Pam’s Pink Posse Power ‘Keeps You Coming Back’
Survivor Series: Pamela Morris Watt and her incredible “pink posse”
by ELLYN SANTIAGO
After learning in 2008 that her friend Pam Watt had been diagnosed with two types of breast cancer, Nancy Fraser Shepard had an idea about how to offer support. And the TBBCF Walk Team Pam’s Pink Posse was conceived. Born to support Pam in her breast cancer treatment journey, likely no one at the time might have imagined that 15 years later the posse would be a powerful entity in itself. It survives. It thrives. Just like Pam.
TBBCF’s Executive Committee Vice President, Pam is a 15-year breast cancer survivor. A TBBCF volunteer since 2010, she was named a Foundation board director in 2015, and in 2017 she was awarded the TBBCF 27th Mile Club Award.
Nancy knew Pam because, as an infusion nurse who has treated many cancer patients, she gave Pam her bi-weekly shots. For the 2008 TBBCF Walk for a Cure, the team consisted of Nancy, Pam’s sister Donna Ruggieri and her niece Jaime Labbe, as well as supporters and friends Kim Hoffa, Cindy Shea, Judy Teal, Dennaye Garbati and Patti Fraser.
Pam was in the throes of her chemotherapy treatment and could not walk
For Judy Teal, the first Pam’s Pink Posse team walk in 2008 was a “celebration of life.”
“We started it for Pam. She’s the driving force behind all of it because she’s done so much for so many. And we walk for her, but we also walk for those who are not here anymore,” Judy said. “Our hearts were in it.”
But the walk challenged Judy in an unexpected way, though she triumphed.
“I have a fear of heights. I walked over the bridge, white-knuckled,” she remembered. “When I made it over, the first thing I did was call my mom.”
That finish line feeling
At the end of the marathon in ‘08, Pam met the team at the finish line.
For the team members who TBBCF spoke to for this story, all recalled that finish line-crossing moment, with Pam waiting for them as intensely moving.
Kim Hoffa won’t forget it.
“That first walk …seeing Pam at the finish line was very emotional,” Kim said, “For me, for all of us.”
Nancy described it as the “most touching moment.”
Speaking of the finish line, Pam herself said that nothing compares to that first time.
“That’s the one that sits with you. There is nothing like that feeling,” after completing the 26.2-mile marathon. “It’s just amazing.”
Pam’s Pink Posse member Sharon Beaney captured the feeling this way: “Crossing the finish line that first time was like first, ‘Holy crap, we did this.’ Later it really sinks in how big that was. How important that was. The first time keeps you coming back.”
Eighteen miles in a monsoon
In 2009, Pam walked with her Pink Posse. Unforgettable for that reason, but also for the fact that she walked some 18 miles of the 26.2 in a torrential downpour, with sneakers squeaking out every step of the way.
“You just kept your head down and kept on going,” Pam recalled. “We just kept on going until, closing in on 19 miles walked, the rain began to let up, and the clouds parted just enough for the sun to peek through. By the time they made it to the finish line, as Pam put it, “You’re overwhelmed and flooded with emotion.”
For Nancy, that year was also unforgettable. She had not trained and wasn’t in the best of shape, she said, but that did not stop her from walking.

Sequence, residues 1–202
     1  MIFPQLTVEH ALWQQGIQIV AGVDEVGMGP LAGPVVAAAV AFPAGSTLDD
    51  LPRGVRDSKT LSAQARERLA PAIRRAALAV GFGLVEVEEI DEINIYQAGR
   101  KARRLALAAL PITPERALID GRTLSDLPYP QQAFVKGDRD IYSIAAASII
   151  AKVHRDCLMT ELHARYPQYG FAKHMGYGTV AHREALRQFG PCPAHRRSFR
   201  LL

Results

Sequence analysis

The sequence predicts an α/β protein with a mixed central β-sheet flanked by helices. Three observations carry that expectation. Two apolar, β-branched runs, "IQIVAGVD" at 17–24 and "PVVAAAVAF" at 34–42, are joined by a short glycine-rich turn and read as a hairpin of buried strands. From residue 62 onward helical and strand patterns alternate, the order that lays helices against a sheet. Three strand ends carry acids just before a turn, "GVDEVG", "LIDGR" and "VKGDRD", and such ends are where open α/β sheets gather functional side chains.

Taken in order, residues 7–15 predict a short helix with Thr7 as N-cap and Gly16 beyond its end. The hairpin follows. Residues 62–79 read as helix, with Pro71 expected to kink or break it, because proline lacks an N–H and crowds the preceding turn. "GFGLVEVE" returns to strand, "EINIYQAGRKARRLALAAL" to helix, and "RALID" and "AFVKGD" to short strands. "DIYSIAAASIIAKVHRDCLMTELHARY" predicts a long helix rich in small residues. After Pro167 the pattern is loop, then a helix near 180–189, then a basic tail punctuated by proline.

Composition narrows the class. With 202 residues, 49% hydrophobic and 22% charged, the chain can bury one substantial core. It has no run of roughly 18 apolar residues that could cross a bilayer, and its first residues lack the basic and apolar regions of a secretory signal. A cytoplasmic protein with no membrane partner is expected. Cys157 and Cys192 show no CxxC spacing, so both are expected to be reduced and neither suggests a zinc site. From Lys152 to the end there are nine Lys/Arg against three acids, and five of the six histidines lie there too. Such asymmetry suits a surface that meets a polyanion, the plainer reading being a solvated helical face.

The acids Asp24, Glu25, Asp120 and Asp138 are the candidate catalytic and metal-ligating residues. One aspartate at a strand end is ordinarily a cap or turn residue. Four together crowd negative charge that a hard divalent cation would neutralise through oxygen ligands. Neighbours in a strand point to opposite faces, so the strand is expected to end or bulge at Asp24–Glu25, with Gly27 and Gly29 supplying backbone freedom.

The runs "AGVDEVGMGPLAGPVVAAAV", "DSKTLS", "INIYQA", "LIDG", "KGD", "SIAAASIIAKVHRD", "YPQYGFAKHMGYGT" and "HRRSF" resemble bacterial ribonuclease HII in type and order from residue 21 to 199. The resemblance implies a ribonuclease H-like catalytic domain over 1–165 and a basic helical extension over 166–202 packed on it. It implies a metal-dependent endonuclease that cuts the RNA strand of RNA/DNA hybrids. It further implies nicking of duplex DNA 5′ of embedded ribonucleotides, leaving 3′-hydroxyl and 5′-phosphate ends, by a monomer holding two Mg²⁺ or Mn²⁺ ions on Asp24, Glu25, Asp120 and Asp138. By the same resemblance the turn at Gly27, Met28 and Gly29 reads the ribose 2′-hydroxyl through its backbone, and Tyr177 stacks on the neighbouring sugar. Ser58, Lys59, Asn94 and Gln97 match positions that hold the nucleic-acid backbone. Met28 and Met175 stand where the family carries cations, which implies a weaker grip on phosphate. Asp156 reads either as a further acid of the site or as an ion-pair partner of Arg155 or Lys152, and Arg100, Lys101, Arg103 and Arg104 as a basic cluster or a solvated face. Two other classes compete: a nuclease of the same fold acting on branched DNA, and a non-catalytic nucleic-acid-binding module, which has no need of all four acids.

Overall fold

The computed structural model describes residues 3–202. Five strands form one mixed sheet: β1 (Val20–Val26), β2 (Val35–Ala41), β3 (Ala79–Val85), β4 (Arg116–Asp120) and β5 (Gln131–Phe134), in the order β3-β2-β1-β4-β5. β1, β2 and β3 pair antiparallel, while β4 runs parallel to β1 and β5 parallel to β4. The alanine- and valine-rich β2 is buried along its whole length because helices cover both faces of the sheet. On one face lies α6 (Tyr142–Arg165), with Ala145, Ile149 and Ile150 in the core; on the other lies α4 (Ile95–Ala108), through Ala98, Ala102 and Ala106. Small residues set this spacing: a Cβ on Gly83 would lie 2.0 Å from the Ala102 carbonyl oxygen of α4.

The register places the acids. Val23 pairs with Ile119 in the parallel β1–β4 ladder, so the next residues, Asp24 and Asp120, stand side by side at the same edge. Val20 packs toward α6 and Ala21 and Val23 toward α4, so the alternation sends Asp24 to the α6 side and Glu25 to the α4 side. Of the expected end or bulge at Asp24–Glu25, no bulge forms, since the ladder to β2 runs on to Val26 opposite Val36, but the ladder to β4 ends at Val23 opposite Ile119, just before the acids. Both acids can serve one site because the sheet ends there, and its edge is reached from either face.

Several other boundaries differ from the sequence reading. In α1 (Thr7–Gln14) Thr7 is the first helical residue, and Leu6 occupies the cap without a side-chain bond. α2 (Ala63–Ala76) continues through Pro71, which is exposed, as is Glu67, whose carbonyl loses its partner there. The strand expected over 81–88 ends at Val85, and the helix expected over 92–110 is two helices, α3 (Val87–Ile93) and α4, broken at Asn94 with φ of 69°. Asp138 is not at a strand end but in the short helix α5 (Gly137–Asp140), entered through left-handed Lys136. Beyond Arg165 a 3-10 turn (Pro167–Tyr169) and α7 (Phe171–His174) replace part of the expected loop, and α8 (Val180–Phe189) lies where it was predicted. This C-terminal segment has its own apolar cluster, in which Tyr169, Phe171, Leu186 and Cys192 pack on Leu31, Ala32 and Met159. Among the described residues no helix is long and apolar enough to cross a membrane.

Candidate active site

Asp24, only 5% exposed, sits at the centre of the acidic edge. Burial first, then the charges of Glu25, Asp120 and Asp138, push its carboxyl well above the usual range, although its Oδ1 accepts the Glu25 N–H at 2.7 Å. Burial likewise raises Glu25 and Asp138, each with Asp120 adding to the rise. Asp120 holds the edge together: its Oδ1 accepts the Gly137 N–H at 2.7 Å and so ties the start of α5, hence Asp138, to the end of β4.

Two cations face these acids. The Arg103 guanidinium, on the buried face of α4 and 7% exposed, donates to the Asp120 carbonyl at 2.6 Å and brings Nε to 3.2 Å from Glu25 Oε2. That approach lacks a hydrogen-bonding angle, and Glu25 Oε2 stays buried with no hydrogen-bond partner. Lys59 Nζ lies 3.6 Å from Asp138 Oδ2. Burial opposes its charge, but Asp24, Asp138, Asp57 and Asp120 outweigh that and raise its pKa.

“I remember crossing the Old Saybrook bridge with the wind and the rain …it felt like a hurricane. But as we got closer to the (end), the sun began to come out and shine on us.”
A few weeks later, she’d lose all her toenails (blame those water-soaked sneakers) after the now-legendary trek.
Posse member Jane: ‘Part of a new young generation fighting breast cancer’
Walking in TBBCF’s signature fundraiser with Pam’s Pink Posse has made a lasting impact on the team members, but perhaps most especially its youngest member. Jane Guay is 16. She began walking with the Posse in the 2019 walk at age 12.
“There’s not a big chunk of young kids involved, so I want to be part of this new young generation fighting breast cancer,” Jane said.
Pam and Jane’s dad, Greg Guay, “are like siblings.” Jane has been part of fundraisers that raise cancer research money and awareness, like the Relay for Life. She wanted to be part of the TBBCF Walk too, as well as help raise money with other events, like her and her dad singing outside Sea Swirl. A celebrated singer, Jane sang during the survivor portion of the walk ceremony for two years. ‘Fight Song’ by Rachel Platten had everyone in tears. Make sure to bring plenty of tissues to this year’s walk, as Jane will be singing ‘You’ll Never Walk Alone.’
The Posse has raised $200K since ‘09, …and helped others along the way
Most of the money raised for the TBBCF by Pam’s Pink Posse team has come from pledges for the Foundation’s signature walk. But not all. The Posse holds myriad of fundraisers. Nancy shared one in particular, an ‘80s high school prom-themed event, big hair and all.
“A friend, (nurse Karen Nowak Sage), never went to her high school prom, so that inspired me,” Nancy said. “It was a lot of fun, very 80s! And, we raised money!”
Fundraising is vital. And almost $200,000 is a lot of money. But reaching people has been an important Posse role, too, Judy said.
“We walk every year and mostly see the same people,” she said. People that line streets, and roads and fill neighborhoods, cheering on walkers as they pass.
“If you don’t see someone, then you wonder what’s happened. For many years, a man and his wife passed out York peppermint patties to walkers as we passed by. One year, I saw him. Not his wife. I asked him where she was. He said, ‘She’s a survivor. She’s walking this year.’ That touched my heart. That’s why we do this.”